We’re home in Canelo, 6 pretty hard, but fun weeks on our European tour. My blogs dropped off after Finland, the pace always seems to get quicker, we work more, especially when we arrive at a place where there is a lot of preparation needed. Plus, I think fatigue gradually eats away at you, almost imperceptibly, until you realize you probably don’t have another workshop left in you and it’s time to go home. Four – 6 day-long workshops is a lot, especially if you tack on another 3 days of preparation. The days are long, the working hours typically run between 9 am and 7 pm, lunch breaks vary in length, evening presentations typically happen every night, wrapping up anywhere between 10 and 11 pm.
I’m going to see if I can get a number of posts done in the next few days as our reality is about to shift. Next weekend, October 14-16, is Tucson Meet Yourself, which for us means hosting the Xunutzi dance group from the Rio Sonora, Mexico at our home, facilitating their participation in the festival and that will leave Europe somewhat in the distant past. To begin, I’m going to do two posts on France, the first consisting of mostly iPhone images, just because it is a wonderful place to photograph and the second more focused on our workshop.
Each place has its own pull and magic. With Finland it was the Baltic sea, the forest and mushrooms, with France, it’s the small villages, antiquity and the of course, the food. France is funny, on one hand, it is very modern, malls, McDonalds and the like and on the other, very old. As is the case everywhere, much depends upon the kind of road one travels. In France, a country where everything seems perfectly manicured, there can be a dizzying array of small country roads that, from my perspective, seem to lead from one small village to another. These are never new, in the Cognac region where we stay, near the town of Angouleme, everything is made from stone, the worn walls suggest nothing but old. Housing is a mix, the very old of stone, and the new, identical everywhere, from the color of the plaster to the roof tiles, more static than here in the States.
Today I would like to share with you some of the few things that caught our eyes while traveling there. Kalin increasingly becomes a photographic partner with his iPod touch, very worthy of the better camera in the iPhone, but presently not within his budget or mine. It is readily apparent, by what he is creating a the age of 11, it won’t be long until he surpasses anything that I do. What’s really marvelous about the iPhone or the iPod in this case is that it has allowed him entry into the same world of creativity, one that is exclusive when I’m using more serious photographic equipment. I’m not going to include place names with the photos, mostly because I don’t remember them, but they’re not essential at this point for the images I’ve chosen.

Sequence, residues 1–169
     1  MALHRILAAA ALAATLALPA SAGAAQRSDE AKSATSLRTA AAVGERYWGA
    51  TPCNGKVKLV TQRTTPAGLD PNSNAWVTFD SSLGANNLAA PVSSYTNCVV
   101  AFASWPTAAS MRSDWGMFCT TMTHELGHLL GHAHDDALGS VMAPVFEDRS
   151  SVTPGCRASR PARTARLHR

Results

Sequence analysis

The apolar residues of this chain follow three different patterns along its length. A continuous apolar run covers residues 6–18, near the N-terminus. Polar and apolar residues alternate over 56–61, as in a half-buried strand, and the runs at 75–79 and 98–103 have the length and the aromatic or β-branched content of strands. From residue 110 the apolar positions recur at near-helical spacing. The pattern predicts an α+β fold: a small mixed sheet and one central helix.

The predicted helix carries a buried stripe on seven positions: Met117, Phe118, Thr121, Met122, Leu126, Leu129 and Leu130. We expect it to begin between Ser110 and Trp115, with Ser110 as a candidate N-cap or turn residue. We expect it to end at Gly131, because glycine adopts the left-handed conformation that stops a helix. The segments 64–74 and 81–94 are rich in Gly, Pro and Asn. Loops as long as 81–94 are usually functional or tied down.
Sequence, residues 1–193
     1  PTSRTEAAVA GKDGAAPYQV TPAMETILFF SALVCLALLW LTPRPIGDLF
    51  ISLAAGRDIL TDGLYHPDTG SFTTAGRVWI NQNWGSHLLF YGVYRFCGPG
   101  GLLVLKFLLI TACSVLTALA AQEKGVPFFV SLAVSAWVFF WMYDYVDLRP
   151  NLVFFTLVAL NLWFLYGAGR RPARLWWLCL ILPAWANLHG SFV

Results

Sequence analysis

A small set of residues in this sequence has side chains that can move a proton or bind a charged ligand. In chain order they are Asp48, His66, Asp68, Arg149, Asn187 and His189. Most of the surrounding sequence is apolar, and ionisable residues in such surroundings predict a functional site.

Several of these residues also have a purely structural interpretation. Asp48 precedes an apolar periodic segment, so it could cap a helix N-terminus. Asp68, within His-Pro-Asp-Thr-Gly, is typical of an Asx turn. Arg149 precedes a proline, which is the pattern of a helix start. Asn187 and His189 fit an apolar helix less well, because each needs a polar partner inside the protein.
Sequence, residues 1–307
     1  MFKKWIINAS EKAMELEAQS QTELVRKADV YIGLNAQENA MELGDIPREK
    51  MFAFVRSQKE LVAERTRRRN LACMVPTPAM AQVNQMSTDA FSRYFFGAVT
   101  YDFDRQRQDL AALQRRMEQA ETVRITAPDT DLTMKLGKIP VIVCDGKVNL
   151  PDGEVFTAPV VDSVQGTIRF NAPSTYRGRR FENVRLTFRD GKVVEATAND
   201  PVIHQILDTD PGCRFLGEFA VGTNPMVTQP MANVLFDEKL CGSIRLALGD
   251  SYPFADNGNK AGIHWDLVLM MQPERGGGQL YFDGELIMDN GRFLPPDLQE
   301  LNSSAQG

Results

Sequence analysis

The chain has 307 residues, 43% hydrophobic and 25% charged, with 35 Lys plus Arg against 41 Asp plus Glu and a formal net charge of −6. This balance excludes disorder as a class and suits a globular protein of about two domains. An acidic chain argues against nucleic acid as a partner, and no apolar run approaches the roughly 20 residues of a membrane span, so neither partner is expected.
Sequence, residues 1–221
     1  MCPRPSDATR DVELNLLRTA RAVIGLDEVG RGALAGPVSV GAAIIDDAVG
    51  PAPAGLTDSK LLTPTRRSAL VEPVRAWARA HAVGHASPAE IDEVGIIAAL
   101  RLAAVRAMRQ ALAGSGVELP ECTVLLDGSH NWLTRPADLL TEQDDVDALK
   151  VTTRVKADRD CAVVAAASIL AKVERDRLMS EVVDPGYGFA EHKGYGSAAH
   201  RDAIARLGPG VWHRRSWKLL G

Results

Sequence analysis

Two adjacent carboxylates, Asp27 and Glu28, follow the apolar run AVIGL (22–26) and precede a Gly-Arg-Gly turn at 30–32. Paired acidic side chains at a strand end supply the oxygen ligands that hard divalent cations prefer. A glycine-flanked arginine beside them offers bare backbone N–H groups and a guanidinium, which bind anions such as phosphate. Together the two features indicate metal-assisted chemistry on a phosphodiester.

Now that our trip is over, even though I took my larger DSLR camera, I rarely used it. I seemed to reach for it when there was little available light, night scenes, photographing people and faces from afar with the telephoto lens. The iPhone is still weak when it comes to low light, capturing movement, the kinds of things that happen with a nighttime dance performance in a small town Mexican plaza.
I wasn’t going to write anything much with this post, rather I had it in mind to post photos and leave it at that, but somehow, the keys on the laptop are moving almost by themselves so I think I’ll go on a little longer. I’m in the mood to talk a little bit about cameras at the moment, so if you’re not interested, just can simply scroll down to the images below.
What I’ve come to appreciate about the iPhone is that it is so small and inconspicuous. I always viewed the larger camera gear as a necessity and put up with the size and the weight. However, that little device has broadened my perspective. When I did work the street more as I did during our stay with the Basques, wanting to shoot more people and scenes, the larger camera gear stood out to the point I felt very awkward and intrusive when using it. I’m seriously considering switching to the newer, smaller 4/3’s format, half the size of a mid-sized DSLR in an effort to capture the feel of the smaller iPhone and yet delivering higher quality images when needed.
The other thing that I’m thinking about at the moment is the types of images the iPhone can easily produce, they’re much more fun with their abstract and painterly qualities. In many ways, they can be much more powerful. The issue of whether or not they are realistic I think is not an issue and irrelevant. If you think about it, any photo, regardless of how realistic one thinks it is, is still an abstraction and very far removed from what one experienced when it was taken. The artistry of the iPhone, makes the viewer do more work to interpret it. And in that process, one’s memories, experiences and feelings are brought into the process. The experience can be much more satisfying. And lastly, the rough edges, texture, skewed color, faded looks, low-fi look, that they so willingly offer, are an opportunity to expand one’s own creative pallet.
For now, I think that’s enough said, hopefully you will enjoy some of these images, France is so very photogenic, often invoking your camera at every turn. Hopefully you can share in a little of our fun.